- Partial name matches
- Name variations (e.g. Nick, Nicholas)
- Spelling errors
To add to these complexities, many criminals intentionally set out to manipulate screening systems. The screening system therefore needs to be sophisticated enough to limit the frequency of false positives under the pressure of facilitating instant payments, without discounting any true matches. This is why financial institutions need machine learning and artificial intelligence (AI).
The screening solution for instant payments
The basic requirement for any screening solution is to be able to search, match and act:
Search: search the database you have access to - is the originator of the payment in a criminal database or the target of a sanction?
Match: how similar are they to the criminal?
Act: should the payment be stopped and investigated? This decision should be aided by the support of your screening system.
Janet explained that, with this basic requirement in mind, any screening engine should meet all of the following requirements:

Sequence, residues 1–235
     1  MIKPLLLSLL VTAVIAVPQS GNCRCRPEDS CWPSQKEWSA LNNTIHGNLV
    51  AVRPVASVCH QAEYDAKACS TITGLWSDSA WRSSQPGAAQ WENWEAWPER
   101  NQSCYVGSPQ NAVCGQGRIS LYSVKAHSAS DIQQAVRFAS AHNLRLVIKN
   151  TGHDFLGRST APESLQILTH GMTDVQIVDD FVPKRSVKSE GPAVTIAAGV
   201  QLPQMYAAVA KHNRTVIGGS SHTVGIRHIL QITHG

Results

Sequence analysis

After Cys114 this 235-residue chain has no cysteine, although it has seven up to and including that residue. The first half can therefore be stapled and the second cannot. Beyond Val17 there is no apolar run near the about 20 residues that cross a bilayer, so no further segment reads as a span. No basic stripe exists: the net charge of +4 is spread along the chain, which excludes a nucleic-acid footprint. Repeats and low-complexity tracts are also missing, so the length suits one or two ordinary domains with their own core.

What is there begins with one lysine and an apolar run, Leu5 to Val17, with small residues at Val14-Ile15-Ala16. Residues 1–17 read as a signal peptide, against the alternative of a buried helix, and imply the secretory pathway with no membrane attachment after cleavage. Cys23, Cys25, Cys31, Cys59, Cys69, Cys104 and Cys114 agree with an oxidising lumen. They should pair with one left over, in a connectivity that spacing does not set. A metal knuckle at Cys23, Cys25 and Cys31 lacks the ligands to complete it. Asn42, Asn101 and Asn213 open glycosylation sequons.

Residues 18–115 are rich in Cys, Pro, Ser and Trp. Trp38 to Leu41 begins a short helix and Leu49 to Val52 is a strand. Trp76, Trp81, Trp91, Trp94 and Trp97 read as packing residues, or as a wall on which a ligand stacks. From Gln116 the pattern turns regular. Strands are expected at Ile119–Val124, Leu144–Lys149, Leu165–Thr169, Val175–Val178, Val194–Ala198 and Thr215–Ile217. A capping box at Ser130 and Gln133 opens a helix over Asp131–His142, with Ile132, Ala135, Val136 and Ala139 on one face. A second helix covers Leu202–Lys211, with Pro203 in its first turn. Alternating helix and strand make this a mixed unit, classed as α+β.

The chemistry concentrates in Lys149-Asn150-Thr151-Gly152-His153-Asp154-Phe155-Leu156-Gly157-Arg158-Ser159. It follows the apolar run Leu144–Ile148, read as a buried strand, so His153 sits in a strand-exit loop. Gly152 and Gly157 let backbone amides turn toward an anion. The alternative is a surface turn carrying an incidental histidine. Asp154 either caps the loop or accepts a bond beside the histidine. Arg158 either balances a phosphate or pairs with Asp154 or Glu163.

1. Risk appetite and risk sensitivity – The screening system must allow you to set the match level appropriately, and you need to be confident you’re getting all the hits you should be.
2. Rules and scenarios based on type of payments – You may need to make adjustments based on the type and value of payments, which can change risk appetite.
3. Search against thousands of names in sanction lists – There are thousands of names in sanctions lists that are updated daily. It’s important the system uses the latest lists.
4. Learn from user feedback – If an analyst decides a hit is a false positive then the system needs to learn from this.
5. Use all available data to discount or escalate – This will make matching quicker and more effective.
6. Trigger actions in workflow – At what point do you stop a payment? This will depend on the type of transactions and your rules. Ideally the system should be able to make decisions up until a particular point, but certain match levels may be held to go to further review.